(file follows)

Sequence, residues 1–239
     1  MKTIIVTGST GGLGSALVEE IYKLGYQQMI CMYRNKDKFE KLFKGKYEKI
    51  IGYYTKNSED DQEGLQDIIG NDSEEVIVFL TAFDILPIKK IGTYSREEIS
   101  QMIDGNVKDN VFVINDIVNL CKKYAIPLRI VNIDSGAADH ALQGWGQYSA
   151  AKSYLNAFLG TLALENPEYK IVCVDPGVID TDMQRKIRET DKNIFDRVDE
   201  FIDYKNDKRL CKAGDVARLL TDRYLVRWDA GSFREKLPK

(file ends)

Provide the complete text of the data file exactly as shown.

Sequence, residues 1–239
     1  MKTIIVTGST GGLGSALVEE IYKLGYQQMI CMYRNKDKFE KLFKGKYEKI
    51  IGYYTKNSED DQEGLQDIIG NDSEEVIVFL TAFDILPIKK IGTYSREEIS
   101  QMIDGNVKDN VFVINDIVNL CKKYAIPLRI VNIDSGAADH ALQGWGQYSA
   151  AKSYLNAFLG TLALENPEYK IVCVDPGVID TDMQRKIRET DKNIFDRVDE
   201  FIDYKNDKRL CKAGDVARLL TDRYLVRWDA GSFREKLPK